Pedestal bases for a glass-top table can be created to any height and any size. When creating pedestal bases, the construction can be simple, clean lines or it can be embellished with crown molding, architectural detailing or more unusual elements like tree bark,seashells or river rock. By creating a wooden box base, the opportunities to create one-of-a-kind pedestal bases for glass-top tables are as endless as one’s imagination.
Things You’ll Need
- Measuring tape
- Wood glue
- Trim molding
- Stain or paint
- Wood putty
- Museum gel
- Determine how tall the glass-top pedestal table will be and how large the glass top will be. These dimensions are critical in determining how large to make the pedestal base.
- Cut four rectangles of lumber in the appropriate lengths and width. Create a rectangular pedestal box using wood glue and screws. Screw at the top, the middle and the bottom of the base for stability and to prevent the pedestal from twisting. Counter-sink the screws and use wood putty to hide the screws.
- Cut a base for the pedestal, making it wider than the pedestal box. The wider the base, the more stability the table will have.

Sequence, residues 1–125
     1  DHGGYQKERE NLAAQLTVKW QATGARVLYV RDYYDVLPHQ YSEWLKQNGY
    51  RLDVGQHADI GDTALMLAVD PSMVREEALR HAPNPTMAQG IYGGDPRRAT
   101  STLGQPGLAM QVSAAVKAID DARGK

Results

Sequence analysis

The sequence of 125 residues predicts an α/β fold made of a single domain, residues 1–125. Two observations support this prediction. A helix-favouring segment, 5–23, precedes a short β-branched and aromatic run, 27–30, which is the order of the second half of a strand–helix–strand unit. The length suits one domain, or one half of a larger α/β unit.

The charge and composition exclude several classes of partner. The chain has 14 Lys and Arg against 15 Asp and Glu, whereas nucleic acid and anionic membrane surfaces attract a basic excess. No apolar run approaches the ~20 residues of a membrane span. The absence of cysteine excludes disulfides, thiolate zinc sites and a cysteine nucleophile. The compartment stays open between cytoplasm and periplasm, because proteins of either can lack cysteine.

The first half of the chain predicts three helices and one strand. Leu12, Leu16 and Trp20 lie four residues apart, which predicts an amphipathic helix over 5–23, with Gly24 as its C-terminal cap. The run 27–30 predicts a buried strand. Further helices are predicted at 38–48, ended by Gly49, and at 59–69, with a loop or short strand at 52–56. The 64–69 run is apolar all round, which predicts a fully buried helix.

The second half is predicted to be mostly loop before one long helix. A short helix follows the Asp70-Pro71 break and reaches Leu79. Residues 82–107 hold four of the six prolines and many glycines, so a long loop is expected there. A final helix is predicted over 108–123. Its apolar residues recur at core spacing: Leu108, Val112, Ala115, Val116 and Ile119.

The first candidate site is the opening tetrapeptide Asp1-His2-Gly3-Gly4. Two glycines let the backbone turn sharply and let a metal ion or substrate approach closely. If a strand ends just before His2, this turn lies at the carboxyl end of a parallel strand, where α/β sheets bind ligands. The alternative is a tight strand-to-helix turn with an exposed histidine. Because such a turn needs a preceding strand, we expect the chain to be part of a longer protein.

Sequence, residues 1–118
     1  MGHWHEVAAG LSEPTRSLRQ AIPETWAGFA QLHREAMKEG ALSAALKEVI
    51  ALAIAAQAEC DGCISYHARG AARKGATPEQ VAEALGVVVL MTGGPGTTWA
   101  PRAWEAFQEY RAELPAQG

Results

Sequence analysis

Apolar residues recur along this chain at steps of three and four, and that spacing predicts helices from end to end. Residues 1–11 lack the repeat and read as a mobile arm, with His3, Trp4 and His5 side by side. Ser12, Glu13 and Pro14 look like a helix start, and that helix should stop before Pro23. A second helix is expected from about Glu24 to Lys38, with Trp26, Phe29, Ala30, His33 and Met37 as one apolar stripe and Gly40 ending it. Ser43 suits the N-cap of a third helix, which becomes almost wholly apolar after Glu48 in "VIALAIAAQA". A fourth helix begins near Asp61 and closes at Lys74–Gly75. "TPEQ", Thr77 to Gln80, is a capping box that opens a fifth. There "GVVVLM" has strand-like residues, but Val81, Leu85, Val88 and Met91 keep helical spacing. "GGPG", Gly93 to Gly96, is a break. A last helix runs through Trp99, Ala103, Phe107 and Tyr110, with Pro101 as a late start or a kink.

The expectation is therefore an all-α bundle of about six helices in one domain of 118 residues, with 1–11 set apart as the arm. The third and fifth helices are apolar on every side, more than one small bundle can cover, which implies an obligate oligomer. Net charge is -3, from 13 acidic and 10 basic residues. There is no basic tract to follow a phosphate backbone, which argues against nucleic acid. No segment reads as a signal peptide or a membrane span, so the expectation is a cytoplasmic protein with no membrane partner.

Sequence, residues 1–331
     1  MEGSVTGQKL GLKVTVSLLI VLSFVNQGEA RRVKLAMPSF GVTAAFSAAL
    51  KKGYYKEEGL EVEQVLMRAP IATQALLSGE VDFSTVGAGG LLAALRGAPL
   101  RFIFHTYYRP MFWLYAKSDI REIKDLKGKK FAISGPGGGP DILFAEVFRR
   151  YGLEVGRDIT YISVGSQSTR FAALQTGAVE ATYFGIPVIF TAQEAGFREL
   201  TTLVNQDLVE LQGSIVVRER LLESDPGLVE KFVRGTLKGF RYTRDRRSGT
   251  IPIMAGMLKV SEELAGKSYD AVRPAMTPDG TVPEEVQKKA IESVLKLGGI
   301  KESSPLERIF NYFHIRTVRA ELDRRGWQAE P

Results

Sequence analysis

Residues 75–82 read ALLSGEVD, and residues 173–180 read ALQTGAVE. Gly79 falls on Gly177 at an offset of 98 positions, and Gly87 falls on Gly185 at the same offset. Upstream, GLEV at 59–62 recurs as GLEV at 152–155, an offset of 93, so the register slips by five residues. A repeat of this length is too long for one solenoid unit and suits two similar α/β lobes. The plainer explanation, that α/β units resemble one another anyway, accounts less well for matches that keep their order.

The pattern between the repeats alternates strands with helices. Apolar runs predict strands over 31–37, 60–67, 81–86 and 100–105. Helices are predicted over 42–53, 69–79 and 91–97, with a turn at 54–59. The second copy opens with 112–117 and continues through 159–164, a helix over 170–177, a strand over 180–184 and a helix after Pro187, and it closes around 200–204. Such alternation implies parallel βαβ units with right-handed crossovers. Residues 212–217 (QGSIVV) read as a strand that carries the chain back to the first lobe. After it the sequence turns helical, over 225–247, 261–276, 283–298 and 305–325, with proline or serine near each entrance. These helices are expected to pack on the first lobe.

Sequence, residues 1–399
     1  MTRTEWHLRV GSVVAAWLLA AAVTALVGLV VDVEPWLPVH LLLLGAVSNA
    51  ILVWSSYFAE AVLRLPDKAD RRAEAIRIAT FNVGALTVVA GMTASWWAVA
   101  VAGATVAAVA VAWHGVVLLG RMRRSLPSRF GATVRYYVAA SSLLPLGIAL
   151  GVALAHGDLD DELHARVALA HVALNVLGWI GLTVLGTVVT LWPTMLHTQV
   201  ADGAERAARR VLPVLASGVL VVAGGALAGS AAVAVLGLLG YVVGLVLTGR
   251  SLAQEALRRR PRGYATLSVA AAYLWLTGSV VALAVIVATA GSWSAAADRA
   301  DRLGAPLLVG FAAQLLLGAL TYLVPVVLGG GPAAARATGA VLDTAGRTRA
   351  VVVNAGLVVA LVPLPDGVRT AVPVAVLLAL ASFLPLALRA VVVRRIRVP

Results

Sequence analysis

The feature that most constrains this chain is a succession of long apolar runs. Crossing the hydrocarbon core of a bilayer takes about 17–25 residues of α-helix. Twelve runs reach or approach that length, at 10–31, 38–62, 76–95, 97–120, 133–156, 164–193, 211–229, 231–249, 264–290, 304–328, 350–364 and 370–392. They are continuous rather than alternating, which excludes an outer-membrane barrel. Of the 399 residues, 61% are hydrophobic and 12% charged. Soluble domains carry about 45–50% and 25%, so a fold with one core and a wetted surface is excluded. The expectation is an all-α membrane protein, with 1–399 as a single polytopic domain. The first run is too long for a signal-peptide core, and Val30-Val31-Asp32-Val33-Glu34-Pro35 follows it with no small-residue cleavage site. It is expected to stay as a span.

- Cut a square of heavy-duty felt only slightly smaller than the base and glue it to the bottom of the base. This will protect the floor from damage and hide the screws used to assemble the pedestal table base.
- Center the pedestal on the base and from the bottom of the base, screw through the base and into the pedestal. Use a minimum of two screws per side.
- Create a topper for the pedestal box by cutting another piece of lumber to the desired size. The top plate can be the same size as the base or it can be only large enough to top the pedestal, whichever is preferred. Screw through the cap and into the pedestal. Counter-sink the screws and fill with wood putty.
- Paint or stain the pedestal table base and allow it to thoroughly dry.
- Apply museum gel to the four corners of the top of the pedestal base.
- Center the glass top carefully and set it gently on the base. Press firmly to seat the glass top onto the museum gel.
Tips & Warnings
- Drill pilot holes to prevent splitting the wood during construction.
- Museum gel can be found at many local hardware stores, art dealerships and online. It is opaque and creates a strong bond that will prevent the glass from shifting, but it is also easily removed and washes away with no residue left behind.
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Original article found on: http://www.ehow.com/how_6599332_making-pedestals-glass-tables.html